According to the June 1924 issue, bed bugs weren’t always considered to be a pest worthy of professional extermination. It wasn’t until scientists warned the bugs were “dangerous” for having the potential to spread diseases such as typhoid fever and influenza that the little guys were able to produce feelings of fear and despair in city-dwellers.

"Today [1924], not even nice people escape the bed bug. He may turn up in the most carefully kept homes. His presence is not a reproach, but a danger signal."

People, nice or otherwise, demanded the extermination of bed bugs using the most potent way they knew how—poison gas. While this proved a solution to getting rid of the bugs, it had some grave consequences:

"In the fumigation of homes, business premises, and ships, people are occasionally killed accidentally—occupants not known to be in the infested area, or sometimes adjoining premises, and even exterminators caught off guard."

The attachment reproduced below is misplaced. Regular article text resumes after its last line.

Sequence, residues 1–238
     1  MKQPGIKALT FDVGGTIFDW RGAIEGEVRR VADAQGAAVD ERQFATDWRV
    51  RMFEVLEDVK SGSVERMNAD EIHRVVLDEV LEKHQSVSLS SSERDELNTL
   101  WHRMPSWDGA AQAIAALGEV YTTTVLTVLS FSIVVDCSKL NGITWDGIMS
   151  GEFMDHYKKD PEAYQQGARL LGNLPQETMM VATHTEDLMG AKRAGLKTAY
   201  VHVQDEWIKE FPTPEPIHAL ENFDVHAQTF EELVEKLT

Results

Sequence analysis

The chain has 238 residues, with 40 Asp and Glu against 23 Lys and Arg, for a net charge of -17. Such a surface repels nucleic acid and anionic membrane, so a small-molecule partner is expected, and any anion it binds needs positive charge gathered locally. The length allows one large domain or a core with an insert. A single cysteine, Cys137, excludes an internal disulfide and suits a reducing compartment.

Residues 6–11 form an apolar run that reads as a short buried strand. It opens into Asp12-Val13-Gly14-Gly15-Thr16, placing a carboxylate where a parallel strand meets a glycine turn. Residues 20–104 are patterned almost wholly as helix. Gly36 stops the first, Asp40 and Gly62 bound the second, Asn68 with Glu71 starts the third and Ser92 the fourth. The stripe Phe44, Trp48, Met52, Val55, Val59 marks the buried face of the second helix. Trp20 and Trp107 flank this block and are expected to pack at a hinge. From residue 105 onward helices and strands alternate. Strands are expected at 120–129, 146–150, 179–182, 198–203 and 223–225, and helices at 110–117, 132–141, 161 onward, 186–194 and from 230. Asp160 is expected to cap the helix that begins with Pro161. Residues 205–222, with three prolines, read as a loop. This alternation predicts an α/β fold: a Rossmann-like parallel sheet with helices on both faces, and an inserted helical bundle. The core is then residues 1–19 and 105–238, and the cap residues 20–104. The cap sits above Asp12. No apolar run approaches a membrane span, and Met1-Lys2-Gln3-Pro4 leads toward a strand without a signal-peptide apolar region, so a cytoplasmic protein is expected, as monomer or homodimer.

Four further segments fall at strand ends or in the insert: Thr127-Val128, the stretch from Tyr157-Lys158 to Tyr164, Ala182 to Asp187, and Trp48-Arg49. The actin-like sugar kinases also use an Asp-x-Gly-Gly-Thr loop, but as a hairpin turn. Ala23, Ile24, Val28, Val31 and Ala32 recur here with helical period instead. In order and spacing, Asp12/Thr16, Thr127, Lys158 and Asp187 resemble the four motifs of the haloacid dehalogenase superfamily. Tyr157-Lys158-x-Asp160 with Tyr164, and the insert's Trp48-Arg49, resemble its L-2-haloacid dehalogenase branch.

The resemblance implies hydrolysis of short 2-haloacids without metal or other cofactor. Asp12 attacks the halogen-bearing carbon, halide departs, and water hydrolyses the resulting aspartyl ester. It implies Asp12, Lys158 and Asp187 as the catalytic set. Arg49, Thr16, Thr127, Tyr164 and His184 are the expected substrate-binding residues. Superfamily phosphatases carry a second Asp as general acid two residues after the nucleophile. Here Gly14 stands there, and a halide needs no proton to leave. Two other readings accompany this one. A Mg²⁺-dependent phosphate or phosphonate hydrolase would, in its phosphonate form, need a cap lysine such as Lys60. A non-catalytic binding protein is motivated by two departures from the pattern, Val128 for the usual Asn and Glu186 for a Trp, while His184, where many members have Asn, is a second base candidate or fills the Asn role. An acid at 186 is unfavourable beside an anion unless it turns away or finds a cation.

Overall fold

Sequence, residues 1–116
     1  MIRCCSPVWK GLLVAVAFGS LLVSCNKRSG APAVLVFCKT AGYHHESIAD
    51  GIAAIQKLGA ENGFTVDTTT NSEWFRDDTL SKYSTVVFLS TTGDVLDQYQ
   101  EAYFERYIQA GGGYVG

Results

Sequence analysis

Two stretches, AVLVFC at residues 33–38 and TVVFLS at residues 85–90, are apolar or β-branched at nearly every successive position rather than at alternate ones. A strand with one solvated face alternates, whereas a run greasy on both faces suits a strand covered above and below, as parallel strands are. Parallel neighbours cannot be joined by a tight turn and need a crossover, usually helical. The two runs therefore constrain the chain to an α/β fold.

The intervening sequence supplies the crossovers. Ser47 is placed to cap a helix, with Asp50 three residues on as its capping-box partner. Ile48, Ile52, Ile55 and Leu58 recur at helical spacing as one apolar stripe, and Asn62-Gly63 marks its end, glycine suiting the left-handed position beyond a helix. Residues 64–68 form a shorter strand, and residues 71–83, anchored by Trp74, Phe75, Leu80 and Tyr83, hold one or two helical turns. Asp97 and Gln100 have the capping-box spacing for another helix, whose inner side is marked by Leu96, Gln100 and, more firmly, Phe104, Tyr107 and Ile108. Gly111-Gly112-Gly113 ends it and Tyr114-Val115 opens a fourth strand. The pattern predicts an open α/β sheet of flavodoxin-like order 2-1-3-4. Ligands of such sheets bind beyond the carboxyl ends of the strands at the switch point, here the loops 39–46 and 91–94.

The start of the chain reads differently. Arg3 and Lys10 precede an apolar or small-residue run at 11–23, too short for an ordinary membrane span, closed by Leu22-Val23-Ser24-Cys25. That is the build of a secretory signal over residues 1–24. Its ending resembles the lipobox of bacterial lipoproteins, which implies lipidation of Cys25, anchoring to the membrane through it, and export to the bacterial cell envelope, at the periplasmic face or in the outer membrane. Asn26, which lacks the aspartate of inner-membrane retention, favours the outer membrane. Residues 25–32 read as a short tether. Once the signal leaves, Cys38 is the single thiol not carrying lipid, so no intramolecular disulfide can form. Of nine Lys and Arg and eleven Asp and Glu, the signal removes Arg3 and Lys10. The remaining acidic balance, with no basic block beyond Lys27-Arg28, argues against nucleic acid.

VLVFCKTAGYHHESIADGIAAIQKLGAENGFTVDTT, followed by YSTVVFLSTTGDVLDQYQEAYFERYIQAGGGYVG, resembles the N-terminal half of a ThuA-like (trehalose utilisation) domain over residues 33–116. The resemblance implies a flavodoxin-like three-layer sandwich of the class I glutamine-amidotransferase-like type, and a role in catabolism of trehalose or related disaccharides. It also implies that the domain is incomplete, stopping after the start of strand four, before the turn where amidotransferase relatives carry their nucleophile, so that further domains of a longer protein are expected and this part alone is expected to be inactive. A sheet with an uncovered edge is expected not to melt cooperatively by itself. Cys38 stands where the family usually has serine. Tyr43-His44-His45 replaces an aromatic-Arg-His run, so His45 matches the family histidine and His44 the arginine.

Thankfully, we no longer have to choose between typhoid fever and death when it comes to bed bugs…at least I would assume so because the guy who came to spray chemicals in my apartment (yes, it’s true, even nice people like me can’t escape them) did not look at all like this:



About the Author: Mary Karmelek is a production assistant for Nature Publishing Group and is currently working on Scientific American's Digital Archive Project, where she spends countless hours scouring articles and ads of decades long ago. She graduated with her M.A. in English from Fordham University in 2010 and currently resides in New York City. While her educational background is in gender and war trauma in modernist literature, Mary also has a keen interest in the historical and visual documentation of science, nature, and medicine.